All this happened, more or less...

My name is G and these are the true stories of my adventures.

Thursday, January 17, 2008

The 3rd Degree (Revisited)

It has come to my attention that since I switched the host for my blog, I have gained vast numbers of new readers who have unfortunately missed out on all the charming content buried deep in the vaults of my archives. In order to remedy the situation, I've decided to take some old archived blogs and blow the dust off of them. If you've been with me since the beginning, don't fret -- there's still plenty of new content to come -- but this should help new readers catch up and give me a chance to organize the promised new content so it can be inflicted on *edit* released to the public in a timely fashion.


The 3rd Degree

originally posted 6/12/07

No matter who you are or where you come from, the Gaijin-in-Japan experience comes standard with a few essential pieces. This is so much the case that at least one semi-famous gaijin blog is written entirely in the second person because the author finds it safe to assume whatever happens to him in Japan might just as easily happen to any other foreigner. Perhaps that's taking it a step too far, but the truth is that some things are just part of the gaijin way of life.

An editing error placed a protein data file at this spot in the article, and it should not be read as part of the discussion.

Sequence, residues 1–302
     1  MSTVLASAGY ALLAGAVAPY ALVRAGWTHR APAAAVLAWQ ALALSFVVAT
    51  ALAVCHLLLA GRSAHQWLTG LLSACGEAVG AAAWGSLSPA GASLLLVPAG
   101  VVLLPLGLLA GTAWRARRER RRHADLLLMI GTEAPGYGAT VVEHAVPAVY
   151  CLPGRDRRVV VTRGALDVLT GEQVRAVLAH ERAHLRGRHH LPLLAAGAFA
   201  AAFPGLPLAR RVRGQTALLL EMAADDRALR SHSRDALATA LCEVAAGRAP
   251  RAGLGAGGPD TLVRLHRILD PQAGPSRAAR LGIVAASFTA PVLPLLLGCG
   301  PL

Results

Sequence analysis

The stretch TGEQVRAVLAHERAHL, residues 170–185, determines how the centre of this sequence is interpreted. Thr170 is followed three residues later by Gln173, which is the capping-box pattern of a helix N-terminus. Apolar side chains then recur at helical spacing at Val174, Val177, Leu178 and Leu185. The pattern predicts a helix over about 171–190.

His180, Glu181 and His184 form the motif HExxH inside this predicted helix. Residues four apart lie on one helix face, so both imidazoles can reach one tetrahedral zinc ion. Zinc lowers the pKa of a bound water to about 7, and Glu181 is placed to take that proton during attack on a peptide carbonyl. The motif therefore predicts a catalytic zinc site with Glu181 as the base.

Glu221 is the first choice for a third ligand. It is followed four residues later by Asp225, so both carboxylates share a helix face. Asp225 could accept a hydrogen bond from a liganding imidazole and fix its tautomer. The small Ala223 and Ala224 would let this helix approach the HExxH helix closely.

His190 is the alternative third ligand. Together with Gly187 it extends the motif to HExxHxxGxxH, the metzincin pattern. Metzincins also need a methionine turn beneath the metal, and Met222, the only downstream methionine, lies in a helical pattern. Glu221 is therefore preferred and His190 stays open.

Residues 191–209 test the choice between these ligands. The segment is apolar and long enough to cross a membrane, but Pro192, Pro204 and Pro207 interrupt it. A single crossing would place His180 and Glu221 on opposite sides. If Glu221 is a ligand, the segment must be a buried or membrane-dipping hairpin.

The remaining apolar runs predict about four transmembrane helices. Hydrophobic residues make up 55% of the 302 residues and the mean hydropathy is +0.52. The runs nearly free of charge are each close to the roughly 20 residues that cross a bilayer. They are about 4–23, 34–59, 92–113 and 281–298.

One of these inescapable gaijin experiences is The Third Degree. Regardless of how many days, months, or years you spend in Japan, approximately 93% of the natives you meet will get to know you by asking you the following questions (with varying levels of English mastery): "Where are you from?"; "Do you enjoy Japan?"; "Can you eat Japanese food?"; "Can you eat nato?"; "Do you miss your home?"; and the king of them all, "Why did you come to Japan?"

This question is annoying for two reasons. One -- you have answered it seven thousand times already since your plane landed. Two -- you have no idea what the answer is and have to throw together some new bullshit every single time. After about two months of improvising, I actually sat down and tried to remember why exactly I did come to Japan and figure out how to express it clearly and eloquently. I gave up.

I went to Japan for the same reason most foreigners do: to be there. It doesn't sound like a very good reason, but it's the only real one. Jobs and studying and relationships and expanding cultural horizons are only excuses. I went to Japan because I couldn't stay away. Gravity, tides, and adventures -- there's no avoiding them. When the time is right, it is, and when you have to go, you do.

People very rarely ask why I came home, but the reason is the same. It was time. Time for a new season. Time for a different adventure.


1 comment:

Anonymous said...

actually I am wondering if you have any tips for teaching in japan. My email address is if you could email me that would be nice. I can let you know more about my questions and situation in the email.

thanks ryan